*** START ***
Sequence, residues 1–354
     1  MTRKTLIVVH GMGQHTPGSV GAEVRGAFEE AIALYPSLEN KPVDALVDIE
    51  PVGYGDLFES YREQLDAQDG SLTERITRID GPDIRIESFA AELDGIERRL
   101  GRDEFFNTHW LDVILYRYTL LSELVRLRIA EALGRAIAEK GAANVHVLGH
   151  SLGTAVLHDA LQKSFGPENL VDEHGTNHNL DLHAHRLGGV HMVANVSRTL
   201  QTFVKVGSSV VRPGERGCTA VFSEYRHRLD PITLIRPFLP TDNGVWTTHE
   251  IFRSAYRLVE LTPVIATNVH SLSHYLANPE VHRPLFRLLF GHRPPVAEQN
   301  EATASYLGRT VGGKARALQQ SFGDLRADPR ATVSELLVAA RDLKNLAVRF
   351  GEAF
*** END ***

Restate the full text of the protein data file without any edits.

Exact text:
Sequence, residues 1–354
     1  MTRKTLIVVH GMGQHTPGSV GAEVRGAFEE AIALYPSLEN KPVDALVDIE
    51  PVGYGDLFES YREQLDAQDG SLTERITRID GPDIRIESFA AELDGIERRL
   101  GRDEFFNTHW LDVILYRYTL LSELVRLRIA EALGRAIAEK GAANVHVLGH
   151  SLGTAVLHDA LQKSFGPENL VDEHGTNHNL DLHAHRLGGV HMVANVSRTL
   201  QTFVKVGSSV VRPGERGCTA VFSEYRHRLD PITLIRPFLP TDNGVWTTHE
   251  IFRSAYRLVE LTPVIATNVH SLSHYLANPE VHRPLFRLLF GHRPPVAEQN
   301  EATASYLGRT VGGKARALQQ SFGDLRADPR ATVSELLVAA RDLKNLAVRF
   351  GEAF